Improving Your Eye Health
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Improving Your Eye Health

You take the time to worry about your heart and your lungs, so why wouldn't you think about your eye health? If you are like most people, it might be because you don't know that much about how to take care of your eyes. Fortunately, I have been working with other people to teach them about eye health for the past twenty years. My father lost his eyesight because of a few bad decisions, and I don't want to see other people go down that path. Read here to learn why you should exercise, eat right, and see your eye doctor regularly.

Improving Your Eye Health

Four Everyday Habits That May Be Putting Your Eyes At Risk

James Castro

Your eyes are rather delicate organs. If you want them to continue providing you with vision well into your '80s and '90s, then it's important that you care for them properly. Sadly, many of the habits you engage in on a daily basis may not be good for your eyes. Here's a look at some habits you should work on breaking in order to preserve your eyes health.

Sitting In the Sunshine

Getting some sun can really boost your mood and help you produce the vitamin D you need for good health. But exposing your eyes to too much sun is not good for them. The UV rays that largely comprise sunlight increase your risk of developing ocular cancers, such as ocular melanoma. They also put you at risk for cataracts, which occur when the lens of your eyes thickens and becomes opaque. Wear your sunglasses when you spend time in the sun, and your eyes will be a lot happier.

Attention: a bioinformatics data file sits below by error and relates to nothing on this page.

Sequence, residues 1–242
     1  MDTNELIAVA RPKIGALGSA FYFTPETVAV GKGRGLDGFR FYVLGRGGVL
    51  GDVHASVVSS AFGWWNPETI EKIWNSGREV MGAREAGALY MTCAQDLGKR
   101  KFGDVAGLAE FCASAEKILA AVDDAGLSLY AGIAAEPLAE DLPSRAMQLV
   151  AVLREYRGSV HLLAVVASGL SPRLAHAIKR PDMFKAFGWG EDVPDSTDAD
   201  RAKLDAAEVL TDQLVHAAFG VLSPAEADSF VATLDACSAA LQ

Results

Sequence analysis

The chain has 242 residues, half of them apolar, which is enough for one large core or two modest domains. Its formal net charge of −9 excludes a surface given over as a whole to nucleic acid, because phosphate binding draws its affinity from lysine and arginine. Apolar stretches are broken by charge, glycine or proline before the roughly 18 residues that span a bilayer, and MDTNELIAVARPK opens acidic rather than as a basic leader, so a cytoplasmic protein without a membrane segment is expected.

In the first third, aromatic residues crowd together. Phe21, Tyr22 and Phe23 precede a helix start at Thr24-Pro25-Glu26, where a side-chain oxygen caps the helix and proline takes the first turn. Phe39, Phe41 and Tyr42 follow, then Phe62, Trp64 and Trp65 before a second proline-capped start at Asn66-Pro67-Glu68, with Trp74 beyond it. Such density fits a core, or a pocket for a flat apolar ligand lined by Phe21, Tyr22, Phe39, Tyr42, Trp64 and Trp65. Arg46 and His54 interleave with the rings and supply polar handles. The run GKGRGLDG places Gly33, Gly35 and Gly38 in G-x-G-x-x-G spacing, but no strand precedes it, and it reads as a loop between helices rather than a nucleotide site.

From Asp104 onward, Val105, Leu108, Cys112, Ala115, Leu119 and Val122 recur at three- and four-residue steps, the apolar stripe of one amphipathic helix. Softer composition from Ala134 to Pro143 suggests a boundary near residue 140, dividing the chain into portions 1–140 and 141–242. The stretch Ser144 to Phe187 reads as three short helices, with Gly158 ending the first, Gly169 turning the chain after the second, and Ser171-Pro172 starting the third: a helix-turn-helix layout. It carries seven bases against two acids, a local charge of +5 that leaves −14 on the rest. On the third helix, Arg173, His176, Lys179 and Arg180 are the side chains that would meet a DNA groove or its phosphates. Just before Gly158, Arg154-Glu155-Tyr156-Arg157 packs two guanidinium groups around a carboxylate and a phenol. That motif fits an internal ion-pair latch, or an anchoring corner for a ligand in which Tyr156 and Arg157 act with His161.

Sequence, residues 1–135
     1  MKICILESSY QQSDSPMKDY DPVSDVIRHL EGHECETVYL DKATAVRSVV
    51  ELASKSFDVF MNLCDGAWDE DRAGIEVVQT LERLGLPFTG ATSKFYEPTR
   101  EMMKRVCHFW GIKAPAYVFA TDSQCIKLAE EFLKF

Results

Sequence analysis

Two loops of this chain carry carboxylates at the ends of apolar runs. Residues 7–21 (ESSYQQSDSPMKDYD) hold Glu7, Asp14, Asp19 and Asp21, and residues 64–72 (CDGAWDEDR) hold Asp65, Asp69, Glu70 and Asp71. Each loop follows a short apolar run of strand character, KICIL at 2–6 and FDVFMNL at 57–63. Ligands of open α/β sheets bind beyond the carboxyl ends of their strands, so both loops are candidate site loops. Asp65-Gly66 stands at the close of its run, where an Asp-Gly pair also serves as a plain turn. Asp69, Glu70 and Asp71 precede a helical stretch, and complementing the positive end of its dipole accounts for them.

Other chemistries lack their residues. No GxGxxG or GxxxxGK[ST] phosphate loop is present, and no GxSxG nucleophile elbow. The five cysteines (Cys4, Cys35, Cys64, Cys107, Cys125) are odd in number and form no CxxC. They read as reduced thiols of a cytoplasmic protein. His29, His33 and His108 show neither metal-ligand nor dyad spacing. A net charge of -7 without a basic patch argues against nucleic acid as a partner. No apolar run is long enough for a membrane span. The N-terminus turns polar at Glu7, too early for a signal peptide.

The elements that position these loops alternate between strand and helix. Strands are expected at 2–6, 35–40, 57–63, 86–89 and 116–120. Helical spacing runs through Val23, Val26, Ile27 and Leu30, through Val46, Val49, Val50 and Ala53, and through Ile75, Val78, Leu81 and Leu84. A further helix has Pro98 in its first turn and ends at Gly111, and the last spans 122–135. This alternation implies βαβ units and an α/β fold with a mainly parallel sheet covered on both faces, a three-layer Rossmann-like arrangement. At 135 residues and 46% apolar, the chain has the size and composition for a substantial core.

Eating a Nutrient-Poor Diet

If you're always reaching for junk food, fast food, and processed foods, then you are not doing your eyes any favors. Your eyes need a variety of nutrients in order to thrive, from vitamin A, to vitamin C, to biotin. The best way to get these nutrients is to make healthier food choices, opting for fresh fruits and veggies, whole grains, and lean meats over processed, junk food choices.

Leaving Allergies Untreated

If your allergies make your eyes red and itchy, then it's important to do something about it. Leaving your allergies untreated makes it likely that you will rub your eyes, which could expose them to bacteria. Especially when your eyes are irritated, they're vulnerable to infection. Take over-the-counter allergy meds to keep your symptoms at bay, and talk to an allergist if you need something stronger.

Smoking and Spending Time Around Smokers

Smoking cigarettes and other tobacco products increases your risk of a wide array of eye problems, from glaucoma to macular degeneration. If you smoke, it's definitely time to quit. If you live with someone who smokes, you're probably still being exposed in the form of secondhand smoke. Urge them to quit -- for their eye health and for your own.

If you start wearing your sunglasses, eating healthier, avoiding smoking, and treating your allergies, your eyes will thank you. To learn more about proper eye care and habits to avoid, speak with your eye doctor during your next eye exam.